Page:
CRTguy wrote:While I thought the PG258Q was disappointing, the one thing I did learn from it is that G-Sync is an amazing new tool for those always looking for a smoother gameplay experience. It isn't a tool you use in all cases, but when you can use it, it is life changing to experience.
lexlazootin wrote:What game do you play? turn on V-Sync and you will notice how silky smooth the motion is. It's like that but with no latency added. It's the only way i can play now, anything else feels like a backward step.
Benq has it's fair share of goods and bads, but if you arn't going to use Benq's BBR tech i don't see any reason to go with them unless they are cheaper and you want to save a bit.
You tend to find better configurable picture quality and better response times with Asus which i find more important then anything else.
CRTguy wrote:I got to see G-Sync a few days ago when I got the Asus PG258Q, which taught me a lot of about G-Sync.
I wrote a review of my experience with the PG258Q in the General forum, so feel free to check it out if you want to know more:
Regarding G-Sync, I figured it was going to be a gimmick because my games run very smooth with V-Sync ON and I figured it can't get much smoother than that. However, once I tried games like For Honor, Mass Effect Andromeda Multiplayer, Rust, Tomb Raider (newest one), I was blown away by how smooth the gameplay was. What do I mean by that? For example, when I used to play Rust on my BENQ XL2420T with no G-Sync, the game would stutter when I would look around sometimes, and I figured this was just bad code from the Unity engine that Rust is using. Tomb Raider did the same thing, and again I figured it was bad code. Well, maybe it is bad code. But what I can tell you is that a game like Rust in particular, which suffers from a ton of stutters when looking around (especially in forest areas), almost NEVER stutters with G-Sync enabled. You get something like a 90% stutter reduction, and the experience is just so smooth and unbelievable. What's amazing is that even the fabled wide screen CRT, the Sony GDM-FW900, can't get motion as smooth as with G-Sync, because it doesn't support G-Sync. You will still see the stutters from Rust or Tomb Raider or other games on the CRT, even though the actual motion is beautiful and unparalleled when it isn't stuttering. So G-Sync is the very first technology when combined with a great motion LCD at 120hz+ that actually is superior to CRT in overall smoothness of gameplay. When I played Mass Effect Andromeda multiplayer, the explosions and laser effects were so smooth it just blew my mind. Smoother than even playing on CRT due to the lack of stutters (even if they are minor, they will show up frequently as you move and turn quickly through the map without G-Sync).
With that said, I noticed that when games run at 90+ FPS, G-Sync looks the best and feels the best. When I played Mass Effect Andromeda single player in a zone that was running at 50-90fps, the G-Sync actually made the game more choppy and sluggish. I had to turn off G-Sync to get a smoother game experience, because it felt almost like G-Sync was spreading the stuttering across everything like a bullet proof vest instead of taking hard stutter spikes like I'd normally get with boosts of faster motion. I actually prefer the hard stutter spikes with faster motion at lower fps than making the whole experience a more stuttery feel. I have no idea how some people online say that G-Sync is great for lower framerates because that certainly wasn't my experience. G-Sync (from my perspective) is ideal when you are about 90+ fps but can't quite max out the refresh rate of your monitor. In my case I was at 240hz so I was never reaching that maximum, but even at 120hz you can't always stay at a consistent 120 fps for every game, making G-Sync extremely useful for a consistent smooth experience in those cases. For lower framerate games you may just end up wanting to use ULMB instead if ULMB doesn't cause problems for you on the monitor in question. You may also want to use ULMB on games that have an fps that is constantly capped at your refresh rate.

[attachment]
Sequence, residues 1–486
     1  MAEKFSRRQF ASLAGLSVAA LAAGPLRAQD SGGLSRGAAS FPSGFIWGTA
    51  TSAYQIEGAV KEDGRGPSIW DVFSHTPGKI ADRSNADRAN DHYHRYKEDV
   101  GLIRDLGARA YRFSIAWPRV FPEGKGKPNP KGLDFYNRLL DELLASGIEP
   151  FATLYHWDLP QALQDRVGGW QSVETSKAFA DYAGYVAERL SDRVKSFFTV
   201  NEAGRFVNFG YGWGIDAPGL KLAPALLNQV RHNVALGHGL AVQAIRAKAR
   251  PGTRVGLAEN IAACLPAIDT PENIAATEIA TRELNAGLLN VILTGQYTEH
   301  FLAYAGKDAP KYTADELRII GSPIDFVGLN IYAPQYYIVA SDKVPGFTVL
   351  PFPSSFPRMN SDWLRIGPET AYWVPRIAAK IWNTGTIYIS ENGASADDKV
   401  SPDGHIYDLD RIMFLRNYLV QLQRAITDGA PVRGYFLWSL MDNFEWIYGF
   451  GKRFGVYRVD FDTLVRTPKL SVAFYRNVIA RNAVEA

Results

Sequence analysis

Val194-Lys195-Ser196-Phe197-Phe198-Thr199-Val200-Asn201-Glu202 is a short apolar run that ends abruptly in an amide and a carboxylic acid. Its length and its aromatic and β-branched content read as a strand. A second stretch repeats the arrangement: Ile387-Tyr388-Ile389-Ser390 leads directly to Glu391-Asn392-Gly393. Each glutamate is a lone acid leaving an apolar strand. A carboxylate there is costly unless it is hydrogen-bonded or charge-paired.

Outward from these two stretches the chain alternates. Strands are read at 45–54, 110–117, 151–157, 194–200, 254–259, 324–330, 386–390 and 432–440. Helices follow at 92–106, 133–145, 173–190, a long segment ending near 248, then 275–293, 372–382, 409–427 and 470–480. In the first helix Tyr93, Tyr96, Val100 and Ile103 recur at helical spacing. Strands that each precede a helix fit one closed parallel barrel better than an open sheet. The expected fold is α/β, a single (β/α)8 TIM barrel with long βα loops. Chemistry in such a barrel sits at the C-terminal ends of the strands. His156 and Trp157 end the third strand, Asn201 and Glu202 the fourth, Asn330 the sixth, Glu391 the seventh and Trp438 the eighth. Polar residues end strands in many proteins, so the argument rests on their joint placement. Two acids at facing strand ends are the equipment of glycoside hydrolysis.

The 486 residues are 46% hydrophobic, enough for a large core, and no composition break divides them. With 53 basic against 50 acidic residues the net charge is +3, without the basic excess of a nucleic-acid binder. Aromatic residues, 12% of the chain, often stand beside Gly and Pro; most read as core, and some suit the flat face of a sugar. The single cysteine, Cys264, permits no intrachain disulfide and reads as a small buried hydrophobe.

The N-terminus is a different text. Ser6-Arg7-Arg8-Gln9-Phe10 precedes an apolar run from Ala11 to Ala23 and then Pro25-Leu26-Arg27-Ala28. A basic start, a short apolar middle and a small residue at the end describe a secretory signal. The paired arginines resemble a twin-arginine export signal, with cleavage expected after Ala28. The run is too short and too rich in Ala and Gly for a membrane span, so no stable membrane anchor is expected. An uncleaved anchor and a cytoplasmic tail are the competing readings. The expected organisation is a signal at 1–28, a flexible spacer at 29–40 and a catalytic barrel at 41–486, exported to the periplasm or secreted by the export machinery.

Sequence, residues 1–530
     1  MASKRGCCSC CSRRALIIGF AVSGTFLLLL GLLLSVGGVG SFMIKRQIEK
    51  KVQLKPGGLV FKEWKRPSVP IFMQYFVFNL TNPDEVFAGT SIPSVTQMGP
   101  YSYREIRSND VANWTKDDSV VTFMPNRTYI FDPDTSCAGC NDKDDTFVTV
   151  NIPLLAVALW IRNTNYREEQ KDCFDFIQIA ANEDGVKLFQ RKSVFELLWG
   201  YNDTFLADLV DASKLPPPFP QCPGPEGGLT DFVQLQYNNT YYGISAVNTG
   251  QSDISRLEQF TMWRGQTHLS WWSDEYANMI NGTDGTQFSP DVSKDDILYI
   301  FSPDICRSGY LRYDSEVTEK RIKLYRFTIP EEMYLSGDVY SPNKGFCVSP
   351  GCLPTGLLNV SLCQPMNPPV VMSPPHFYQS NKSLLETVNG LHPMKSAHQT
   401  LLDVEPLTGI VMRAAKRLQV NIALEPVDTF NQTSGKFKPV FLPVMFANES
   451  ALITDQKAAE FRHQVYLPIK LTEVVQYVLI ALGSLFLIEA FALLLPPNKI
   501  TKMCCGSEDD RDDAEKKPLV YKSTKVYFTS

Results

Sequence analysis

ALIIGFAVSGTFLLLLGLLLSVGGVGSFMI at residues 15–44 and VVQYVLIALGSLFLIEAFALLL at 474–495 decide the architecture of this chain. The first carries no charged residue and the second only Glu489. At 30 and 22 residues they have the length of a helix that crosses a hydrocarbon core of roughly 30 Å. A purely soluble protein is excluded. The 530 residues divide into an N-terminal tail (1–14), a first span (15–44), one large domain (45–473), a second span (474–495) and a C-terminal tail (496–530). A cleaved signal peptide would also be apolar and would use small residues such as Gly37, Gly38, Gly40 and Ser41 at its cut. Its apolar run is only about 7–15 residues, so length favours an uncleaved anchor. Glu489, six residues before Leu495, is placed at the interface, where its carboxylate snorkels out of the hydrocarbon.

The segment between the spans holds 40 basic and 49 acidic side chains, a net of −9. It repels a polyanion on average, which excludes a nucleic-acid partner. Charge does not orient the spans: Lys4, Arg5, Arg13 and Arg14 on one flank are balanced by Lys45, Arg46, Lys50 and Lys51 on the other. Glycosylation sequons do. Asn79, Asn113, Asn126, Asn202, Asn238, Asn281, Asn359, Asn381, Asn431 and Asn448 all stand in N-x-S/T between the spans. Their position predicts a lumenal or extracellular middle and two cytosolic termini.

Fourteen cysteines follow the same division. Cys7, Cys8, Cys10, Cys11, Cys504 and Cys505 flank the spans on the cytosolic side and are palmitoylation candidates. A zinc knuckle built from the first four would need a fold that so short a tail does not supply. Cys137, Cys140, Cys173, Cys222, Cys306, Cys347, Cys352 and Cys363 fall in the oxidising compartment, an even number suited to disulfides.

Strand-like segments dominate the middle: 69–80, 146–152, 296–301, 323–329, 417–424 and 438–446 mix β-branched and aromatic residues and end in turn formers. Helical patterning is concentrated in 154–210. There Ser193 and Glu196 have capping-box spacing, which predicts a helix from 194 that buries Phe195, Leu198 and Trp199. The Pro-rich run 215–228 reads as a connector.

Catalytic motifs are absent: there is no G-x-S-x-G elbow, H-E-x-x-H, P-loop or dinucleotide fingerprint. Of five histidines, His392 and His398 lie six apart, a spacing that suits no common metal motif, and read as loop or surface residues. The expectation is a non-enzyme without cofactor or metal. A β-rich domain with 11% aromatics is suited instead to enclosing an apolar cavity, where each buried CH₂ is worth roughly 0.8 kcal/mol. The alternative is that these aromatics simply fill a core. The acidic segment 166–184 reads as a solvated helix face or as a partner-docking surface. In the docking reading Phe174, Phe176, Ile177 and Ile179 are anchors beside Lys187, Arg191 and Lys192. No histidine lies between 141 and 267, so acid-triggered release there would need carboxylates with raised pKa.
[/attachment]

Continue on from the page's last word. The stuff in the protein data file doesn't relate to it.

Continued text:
While I thought the PG258Q was disappointing, the one thing I did learn from it is that G-Sync is an amazing new tool for those always looking for a smoother gameplay experience. It isn't a tool you use in all cases, but when you can use it, it is life changing to experience.
LaskoAA wrote:My FPS is exactly the same on both monitors (it fluctuates between 100 fps - 109 fps) and I'm not seeing tearing or stutter on either monitor.
Chief Blur Buster wrote:It's going to be a unicorn for a long time, but it's possible to run VRR on a CRT to de-stutter on a CRT too. (ToastyX VGA FreeSync hack) Do you have an AMD graphics card and your old Sony widescreen CRT? If so, give 'er a spin -- and send me a PM too -- I'd love to feature a CRT FreeSync test in a BlurBusters article!
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